As the Downing Street party scandal rumbles on this week, new accusations about parties have hit the headlines, including one with a confirmed attendance from the Prime Minister himself, Boris Johnson. These parties form part of a broader pattern of lockdown breaches from political figures, from Stephen Kinnock’s family visit to Dominic Cummings’ 260-mile eyesight test on the A688 between Durham and Barnard Castle.
Throughout these stories we’ve witnessed a range of responses. Brexiteers were generally supportive of Cummings, suggesting a political witch hunt against him when the story broke. Labour politicians similarly backed Kinnock, suggesting that he maintained social distancing despite travel restrictions being in place. At the same time, the pandemic saw race-related uprisings and mass protests following the murder of George Floyd in the US, with large outdoor gatherings taking place in London in support (and counter to) the Black Lives Matter movement. These events got us, as psychologists interested in people’s decision-making processes, interested in exploring how people judged such incidents. Could it be that we alter our perceptions of right or wrong based on their political affiliations?
We got to work by asking people with varying social and political beliefs for their opinions on ten news stories – including breaches of restrictions by politically-affiliated people (such as Kinnock and Cummings), groups (such as those affiliated to and protesting against the Black Lives Matter movement), and apolitical examples including Manchester City defender Kyle Walker, and hoards of beach-goers enjoying the late Spring sunshine in May 2020.
More than 260 participants completed the study and responded to whether they thought the people in our news stories were in the right or in the wrong when they broke social distancing guidelines, and ultimately, whether they should resign or be fired from their position. We found that higher levels of self-reported conservatism were associated with greater levels of condemnation of Black Lives Matter protesters, and higher levels of self-reported liberalism were associated with greater levels of condemnation when rule flouters were either affiliated with the Conservative Party or protesting in opposition to the Black Lives Matter movement.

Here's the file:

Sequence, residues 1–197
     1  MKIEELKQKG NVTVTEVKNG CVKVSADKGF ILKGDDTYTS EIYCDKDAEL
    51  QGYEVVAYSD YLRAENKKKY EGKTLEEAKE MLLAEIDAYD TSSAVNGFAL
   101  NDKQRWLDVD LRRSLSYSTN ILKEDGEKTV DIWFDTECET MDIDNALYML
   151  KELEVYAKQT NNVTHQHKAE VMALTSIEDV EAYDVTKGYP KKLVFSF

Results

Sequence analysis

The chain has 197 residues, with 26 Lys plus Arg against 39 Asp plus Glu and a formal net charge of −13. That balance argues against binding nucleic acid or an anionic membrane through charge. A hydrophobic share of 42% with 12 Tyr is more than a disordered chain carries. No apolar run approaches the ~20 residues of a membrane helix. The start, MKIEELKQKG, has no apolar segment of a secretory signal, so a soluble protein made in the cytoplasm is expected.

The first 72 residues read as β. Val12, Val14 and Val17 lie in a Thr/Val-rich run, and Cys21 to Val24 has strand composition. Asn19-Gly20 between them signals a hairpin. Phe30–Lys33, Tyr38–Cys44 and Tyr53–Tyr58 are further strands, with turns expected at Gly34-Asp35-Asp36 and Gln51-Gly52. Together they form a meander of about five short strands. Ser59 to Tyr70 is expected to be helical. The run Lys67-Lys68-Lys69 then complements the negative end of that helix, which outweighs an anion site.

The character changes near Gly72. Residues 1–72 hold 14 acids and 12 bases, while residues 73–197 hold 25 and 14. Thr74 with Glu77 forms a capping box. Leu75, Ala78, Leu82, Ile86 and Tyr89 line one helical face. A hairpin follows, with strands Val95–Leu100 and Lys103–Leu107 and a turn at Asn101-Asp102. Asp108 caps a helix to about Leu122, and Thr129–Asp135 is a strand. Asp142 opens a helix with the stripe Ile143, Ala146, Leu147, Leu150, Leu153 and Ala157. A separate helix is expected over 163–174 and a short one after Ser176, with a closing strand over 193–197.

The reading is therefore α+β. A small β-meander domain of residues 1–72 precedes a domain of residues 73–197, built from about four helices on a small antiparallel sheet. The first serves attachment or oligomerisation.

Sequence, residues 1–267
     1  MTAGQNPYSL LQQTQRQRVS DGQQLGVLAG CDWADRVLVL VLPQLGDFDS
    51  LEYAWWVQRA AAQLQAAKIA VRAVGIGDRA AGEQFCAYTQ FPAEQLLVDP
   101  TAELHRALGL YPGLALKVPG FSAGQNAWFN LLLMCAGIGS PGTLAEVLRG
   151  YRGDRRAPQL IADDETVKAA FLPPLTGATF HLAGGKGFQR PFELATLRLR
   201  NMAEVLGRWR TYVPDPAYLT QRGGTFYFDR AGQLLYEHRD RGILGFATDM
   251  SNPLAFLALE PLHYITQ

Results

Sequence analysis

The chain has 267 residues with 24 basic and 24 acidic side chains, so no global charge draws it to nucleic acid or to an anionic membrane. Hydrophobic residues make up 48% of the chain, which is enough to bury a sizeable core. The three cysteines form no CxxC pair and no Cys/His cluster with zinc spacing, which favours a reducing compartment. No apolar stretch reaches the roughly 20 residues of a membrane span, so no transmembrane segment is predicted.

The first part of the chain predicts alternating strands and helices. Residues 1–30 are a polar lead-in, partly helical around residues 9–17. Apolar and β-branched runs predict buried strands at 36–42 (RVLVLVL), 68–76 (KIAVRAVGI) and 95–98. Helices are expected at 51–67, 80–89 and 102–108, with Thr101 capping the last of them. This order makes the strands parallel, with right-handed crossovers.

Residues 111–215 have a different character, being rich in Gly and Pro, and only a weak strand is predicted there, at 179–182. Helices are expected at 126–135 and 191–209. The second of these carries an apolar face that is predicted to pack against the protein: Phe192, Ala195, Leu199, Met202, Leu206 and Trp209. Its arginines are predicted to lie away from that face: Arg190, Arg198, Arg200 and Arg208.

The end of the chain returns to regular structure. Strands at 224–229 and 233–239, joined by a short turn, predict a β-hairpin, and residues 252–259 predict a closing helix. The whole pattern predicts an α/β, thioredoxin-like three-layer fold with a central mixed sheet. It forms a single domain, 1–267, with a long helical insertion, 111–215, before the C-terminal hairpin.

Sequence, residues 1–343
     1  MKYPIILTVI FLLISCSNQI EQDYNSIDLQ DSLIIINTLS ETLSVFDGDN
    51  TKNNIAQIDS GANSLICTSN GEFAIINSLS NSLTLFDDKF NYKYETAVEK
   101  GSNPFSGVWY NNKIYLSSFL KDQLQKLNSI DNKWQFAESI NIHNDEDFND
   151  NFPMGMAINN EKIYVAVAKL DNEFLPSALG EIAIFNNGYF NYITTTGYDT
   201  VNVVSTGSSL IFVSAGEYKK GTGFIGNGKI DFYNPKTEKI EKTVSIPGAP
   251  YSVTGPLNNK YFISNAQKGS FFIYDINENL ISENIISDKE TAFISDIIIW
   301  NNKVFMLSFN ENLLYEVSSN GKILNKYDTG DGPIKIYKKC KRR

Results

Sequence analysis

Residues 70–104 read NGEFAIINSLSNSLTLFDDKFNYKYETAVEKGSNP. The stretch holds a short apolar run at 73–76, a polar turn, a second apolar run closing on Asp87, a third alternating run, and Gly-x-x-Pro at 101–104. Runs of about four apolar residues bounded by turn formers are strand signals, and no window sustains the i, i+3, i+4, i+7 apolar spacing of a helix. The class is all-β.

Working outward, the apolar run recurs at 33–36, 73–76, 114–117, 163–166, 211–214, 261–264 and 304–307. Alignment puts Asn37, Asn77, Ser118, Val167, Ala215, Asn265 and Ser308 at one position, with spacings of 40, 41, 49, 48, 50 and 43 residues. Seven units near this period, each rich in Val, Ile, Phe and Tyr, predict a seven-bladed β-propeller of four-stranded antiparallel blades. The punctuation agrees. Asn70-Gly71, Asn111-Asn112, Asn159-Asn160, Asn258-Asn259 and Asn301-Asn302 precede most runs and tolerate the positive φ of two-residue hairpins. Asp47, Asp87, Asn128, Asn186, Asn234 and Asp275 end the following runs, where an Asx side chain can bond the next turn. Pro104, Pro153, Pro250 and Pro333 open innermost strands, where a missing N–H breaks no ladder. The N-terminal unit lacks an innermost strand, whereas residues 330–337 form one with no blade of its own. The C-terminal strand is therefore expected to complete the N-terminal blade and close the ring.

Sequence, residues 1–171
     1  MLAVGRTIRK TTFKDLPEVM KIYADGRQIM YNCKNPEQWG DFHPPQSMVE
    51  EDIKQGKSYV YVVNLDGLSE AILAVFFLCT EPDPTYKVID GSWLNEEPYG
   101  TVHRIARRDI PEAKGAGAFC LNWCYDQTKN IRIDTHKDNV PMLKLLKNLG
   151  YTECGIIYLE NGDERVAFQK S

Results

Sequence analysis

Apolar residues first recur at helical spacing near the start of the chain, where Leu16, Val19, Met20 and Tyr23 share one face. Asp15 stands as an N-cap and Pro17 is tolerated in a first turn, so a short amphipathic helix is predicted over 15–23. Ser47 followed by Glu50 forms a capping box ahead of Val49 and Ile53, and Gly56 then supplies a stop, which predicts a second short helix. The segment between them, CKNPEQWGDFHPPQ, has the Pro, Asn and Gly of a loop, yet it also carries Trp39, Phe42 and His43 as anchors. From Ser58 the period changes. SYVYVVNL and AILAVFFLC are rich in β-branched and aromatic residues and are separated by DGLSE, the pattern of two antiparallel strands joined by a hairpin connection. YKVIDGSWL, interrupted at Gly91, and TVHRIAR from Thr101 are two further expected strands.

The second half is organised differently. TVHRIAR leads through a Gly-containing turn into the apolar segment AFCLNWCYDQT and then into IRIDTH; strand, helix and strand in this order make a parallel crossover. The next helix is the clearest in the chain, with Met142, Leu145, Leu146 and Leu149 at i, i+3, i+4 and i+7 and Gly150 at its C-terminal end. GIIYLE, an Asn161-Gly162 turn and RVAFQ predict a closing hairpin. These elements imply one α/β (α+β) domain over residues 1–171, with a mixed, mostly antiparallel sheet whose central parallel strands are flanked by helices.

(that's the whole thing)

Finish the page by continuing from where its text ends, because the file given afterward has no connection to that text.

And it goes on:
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Male participants and those placing a moral emphasis on liberty were less likely to condemn guidance flouting in general, whereas those with a greater level of fear of Covid-19 expressed more condemnation.
In doing this work we have uncovered a seemingly ideologically motivated double standard in judgements of COVID-19 rule breaking in the context of social distancing. This double standard appears to have been driven by a political affiliation to those who are flouting guidance. Clearly, as more stories emerge about the seemingly revolving door of parties in Downing Street it will become increasingly difficult for senior political figures to defend those in attendance, but at the moment we’re seeing the same hypocrisy in judgements as in our data.
For example, Labour’s Lisa Nandy appeared to support Stephen Kinnock’s breach, but demanded apologies from Cummings, and in recent days has supported calls for Boris Johnson to resign from his position. Similarly, Conservatives who slammed Kinnock and other Labour figures for breaking the rules are rallying around the PM and urging for patience until the end of Sue Gray’s now eagerly anticipated investigation on whether someone did or did not know they were at a party.
In a press release on 12th January 2022, we argued that our data would predict that those who are more invested in the Conservative Party (cabinet officials, for example), might downplay the severity of the Downing Street rule-breaking. Within hours, Conservative MP Michael Fabricant did exactly that, supporting the contention that our judgments of lockdown breaches are driven by how much our ‘side’ will be hurt by them being uncovered.
Although we are not insinuating that people with certain ideological views are responsible for the spread of Covid-19, nor that they are consciously encouraging its transmission, if individuals are accepting of large-scale protests or small-scale gatherings among their ideological peers in the context of a global pandemic, this, by extension, means that they are accepting an increased risk of infectious transmission.
At this crucial point in the pandemic, we are close to returning to some semblance of normality. This makes it more important than ever to reduce the chance of a further wave, and we therefore believe that researchers and public health officials need to examine ways in which to frame health messages to reduce the effects of our tribal psychological processes influencing rule adherence.
The full paper has been peer-reviewed and accepted for publication in the journal Group Processes and Intergroup Relations.
Craig Harper is a Senior Lecturer in Psychology at Nottingham Trent University. His research and teaching focuses on decision-making processes with an emphasis on political contexts.
Darren Rhodes is a Senior Lecturer in Psychology at Nottingham Trent University. He works on statistical models of human cognition and decision-making.